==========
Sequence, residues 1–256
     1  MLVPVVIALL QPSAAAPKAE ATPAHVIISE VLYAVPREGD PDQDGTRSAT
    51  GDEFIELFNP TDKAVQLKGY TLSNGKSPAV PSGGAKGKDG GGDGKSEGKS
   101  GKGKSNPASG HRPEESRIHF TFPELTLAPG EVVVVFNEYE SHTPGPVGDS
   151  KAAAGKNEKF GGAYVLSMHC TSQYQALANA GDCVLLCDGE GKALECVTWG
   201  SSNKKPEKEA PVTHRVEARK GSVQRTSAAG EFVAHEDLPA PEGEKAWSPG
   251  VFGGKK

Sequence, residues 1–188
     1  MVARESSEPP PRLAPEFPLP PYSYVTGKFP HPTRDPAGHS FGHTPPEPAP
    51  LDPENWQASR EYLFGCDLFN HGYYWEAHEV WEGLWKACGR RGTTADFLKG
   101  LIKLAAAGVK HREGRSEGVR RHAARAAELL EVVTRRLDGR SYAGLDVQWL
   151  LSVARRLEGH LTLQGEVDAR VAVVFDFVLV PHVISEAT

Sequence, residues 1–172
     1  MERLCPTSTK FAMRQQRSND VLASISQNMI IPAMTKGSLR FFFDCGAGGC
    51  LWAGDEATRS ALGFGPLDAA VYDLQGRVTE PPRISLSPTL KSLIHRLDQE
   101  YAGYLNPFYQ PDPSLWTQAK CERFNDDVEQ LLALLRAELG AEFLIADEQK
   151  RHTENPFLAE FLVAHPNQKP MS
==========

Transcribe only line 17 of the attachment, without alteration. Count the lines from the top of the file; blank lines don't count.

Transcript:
   151  RHTENPFLAE FLVAHPNQKP MS